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Exercise behavioral scientist offers tips on summer activity safety for children

Wednesday, May 24, 2017


MANHATTAN — Summer is a great time for children to be active outdoors. A Kansas State University exercise behavioral scientist has some tips for parents to help kids stay safe while having fun in the sun.

"Injuries and illnesses can put a damper on summer fun, so if there's anything you can do to increase safety for your kids, do it," Katie Heinrich, associate professor of exercise behavioral science and director of the kinesiology department's Functional Intensity Training Lab.

Heinrich said sunscreen is a must for any outdoor activity. However, applying it once doesn't mean the job is done. Whether using a spray, stick or lotion, parents need to read the product's label for information about reapplication, especially when sweat and water are involved.

"It works best to set a time where everyone takes a break to reapply sunscreen so parents aren't pulling one child away from the activity," Heinrich said. "Reapply to everyone and send them back out for more fun, knowing they're safe from sun damage. Hats, ultraviolet-protectant clothing and sunglasses are great for kids to wear, too."

Dehydration is another concern, especially as temperatures continue to rise. Heinrich said the antidote is simple: drinking water. While water might not sound exciting to some children, Heinrich said adults can try several tricks to add some pizzazz to H20: put ice in it, pour it into their favorite color of bottle, add a splash of juice or toss in pieces of fresh fruit. The most important thing, Heinrich said, is to make the water available.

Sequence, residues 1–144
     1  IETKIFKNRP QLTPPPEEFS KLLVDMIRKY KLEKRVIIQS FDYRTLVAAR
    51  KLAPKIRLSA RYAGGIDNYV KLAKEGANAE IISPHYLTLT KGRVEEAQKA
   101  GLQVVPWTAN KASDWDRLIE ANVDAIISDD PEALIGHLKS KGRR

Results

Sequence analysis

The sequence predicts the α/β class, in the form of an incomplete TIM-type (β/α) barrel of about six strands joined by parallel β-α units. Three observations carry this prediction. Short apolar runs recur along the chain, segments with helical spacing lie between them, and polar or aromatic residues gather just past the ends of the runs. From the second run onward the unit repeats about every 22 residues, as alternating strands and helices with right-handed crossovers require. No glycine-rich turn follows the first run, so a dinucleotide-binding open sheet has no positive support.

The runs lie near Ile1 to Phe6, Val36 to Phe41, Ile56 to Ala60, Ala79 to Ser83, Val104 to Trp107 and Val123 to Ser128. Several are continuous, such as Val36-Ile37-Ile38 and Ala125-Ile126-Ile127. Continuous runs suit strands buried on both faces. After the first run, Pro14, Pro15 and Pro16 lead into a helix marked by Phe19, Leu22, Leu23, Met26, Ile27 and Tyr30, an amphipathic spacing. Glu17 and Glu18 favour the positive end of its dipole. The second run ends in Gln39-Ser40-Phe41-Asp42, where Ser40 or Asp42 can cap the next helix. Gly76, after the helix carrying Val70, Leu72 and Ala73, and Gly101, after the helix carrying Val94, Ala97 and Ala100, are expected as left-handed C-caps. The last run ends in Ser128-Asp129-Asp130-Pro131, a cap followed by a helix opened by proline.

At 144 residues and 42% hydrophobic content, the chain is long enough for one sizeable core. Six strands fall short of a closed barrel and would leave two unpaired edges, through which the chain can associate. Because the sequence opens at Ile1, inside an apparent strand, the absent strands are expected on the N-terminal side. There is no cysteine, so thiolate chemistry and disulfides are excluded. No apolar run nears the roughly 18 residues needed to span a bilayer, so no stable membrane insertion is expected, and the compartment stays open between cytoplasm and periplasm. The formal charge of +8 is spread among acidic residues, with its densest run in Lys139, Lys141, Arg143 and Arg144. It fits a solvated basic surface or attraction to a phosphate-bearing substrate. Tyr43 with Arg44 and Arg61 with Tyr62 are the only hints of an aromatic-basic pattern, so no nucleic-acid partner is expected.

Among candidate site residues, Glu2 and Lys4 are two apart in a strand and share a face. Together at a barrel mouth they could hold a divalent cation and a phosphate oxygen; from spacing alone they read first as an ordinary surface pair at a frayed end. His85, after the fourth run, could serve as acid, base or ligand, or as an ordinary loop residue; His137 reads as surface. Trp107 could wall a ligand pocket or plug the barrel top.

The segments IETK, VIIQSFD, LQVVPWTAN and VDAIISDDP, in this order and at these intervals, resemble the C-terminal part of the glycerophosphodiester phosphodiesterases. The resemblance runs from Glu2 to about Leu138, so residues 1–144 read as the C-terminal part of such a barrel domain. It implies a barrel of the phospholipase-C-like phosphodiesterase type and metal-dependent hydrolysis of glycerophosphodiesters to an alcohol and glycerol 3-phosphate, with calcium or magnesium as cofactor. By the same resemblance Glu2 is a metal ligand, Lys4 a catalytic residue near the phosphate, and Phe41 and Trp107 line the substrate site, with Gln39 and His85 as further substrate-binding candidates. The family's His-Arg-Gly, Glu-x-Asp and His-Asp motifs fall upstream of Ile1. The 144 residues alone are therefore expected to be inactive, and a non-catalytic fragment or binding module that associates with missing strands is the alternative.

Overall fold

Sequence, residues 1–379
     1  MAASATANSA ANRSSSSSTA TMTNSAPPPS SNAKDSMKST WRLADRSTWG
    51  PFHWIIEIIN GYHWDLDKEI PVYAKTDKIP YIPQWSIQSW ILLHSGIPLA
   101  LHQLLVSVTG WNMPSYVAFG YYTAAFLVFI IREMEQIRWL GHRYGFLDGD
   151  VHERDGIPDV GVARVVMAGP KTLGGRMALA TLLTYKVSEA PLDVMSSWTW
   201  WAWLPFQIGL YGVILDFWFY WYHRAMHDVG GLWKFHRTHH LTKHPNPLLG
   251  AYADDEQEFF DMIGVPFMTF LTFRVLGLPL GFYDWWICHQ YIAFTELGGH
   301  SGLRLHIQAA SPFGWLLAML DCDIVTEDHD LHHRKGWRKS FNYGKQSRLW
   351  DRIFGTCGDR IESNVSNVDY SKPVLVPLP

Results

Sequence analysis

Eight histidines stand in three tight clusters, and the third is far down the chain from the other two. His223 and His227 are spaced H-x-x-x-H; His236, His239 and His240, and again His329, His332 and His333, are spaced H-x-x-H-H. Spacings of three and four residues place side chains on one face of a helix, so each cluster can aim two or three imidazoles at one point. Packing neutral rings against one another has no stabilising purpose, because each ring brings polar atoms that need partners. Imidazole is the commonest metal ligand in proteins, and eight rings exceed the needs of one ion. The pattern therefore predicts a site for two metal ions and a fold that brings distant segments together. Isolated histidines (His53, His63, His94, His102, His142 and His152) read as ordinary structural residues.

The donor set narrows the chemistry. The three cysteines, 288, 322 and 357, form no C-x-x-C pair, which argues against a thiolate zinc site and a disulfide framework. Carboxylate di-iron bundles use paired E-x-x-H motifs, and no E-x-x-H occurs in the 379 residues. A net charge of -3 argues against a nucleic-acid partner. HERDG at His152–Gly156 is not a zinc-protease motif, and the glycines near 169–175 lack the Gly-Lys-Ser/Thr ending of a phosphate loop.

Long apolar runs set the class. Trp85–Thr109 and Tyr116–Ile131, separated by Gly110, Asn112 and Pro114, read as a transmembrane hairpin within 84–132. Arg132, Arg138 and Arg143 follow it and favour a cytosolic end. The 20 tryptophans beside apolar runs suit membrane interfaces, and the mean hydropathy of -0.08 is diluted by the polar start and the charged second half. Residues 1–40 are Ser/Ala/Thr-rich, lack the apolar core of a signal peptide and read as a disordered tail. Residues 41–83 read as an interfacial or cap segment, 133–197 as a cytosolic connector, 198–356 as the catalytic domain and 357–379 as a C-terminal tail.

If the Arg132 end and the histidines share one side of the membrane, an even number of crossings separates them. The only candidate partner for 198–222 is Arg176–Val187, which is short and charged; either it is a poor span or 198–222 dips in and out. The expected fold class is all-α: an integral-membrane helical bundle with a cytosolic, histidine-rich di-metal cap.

"If the water is nearby and accessible, they'll be more likely to pick it up and take a drink," Heinrich said. "They will especially want to drink it if you are drinking it too, so make drinking water a 'social norm' within your family."

To avoid injuries, Heinrich advises making sure children wear proper helmets, elbow pads or other protective gear appropriate for their activities. If they don't want to wear the gear, show them someone else wearing it — even if that someone is their parent.

"Some kids might refuse to wear a helmet, so when you say, 'OK, we're going on a bike ride,' the first thing you should do as a parent is put your helmet on," Heinrich said. "Then, the child is much more likely to wear one."

Though there are risks to any activity, Heinrich said after taking proper precautions, it is best to not worry and simply enjoy getting active.

"Don't be afraid to sweat and get a little dirty," she said. "Your mental and physical health will thank you."


Katie Heinrich


Heinrich is hine-rick.


Kinesiology department

Written by

Tiffany Roney

At a glance

Summertime can include injuries and sickness — most of which are avoidable with tips from a Kansas State University exercise behavioral scientist.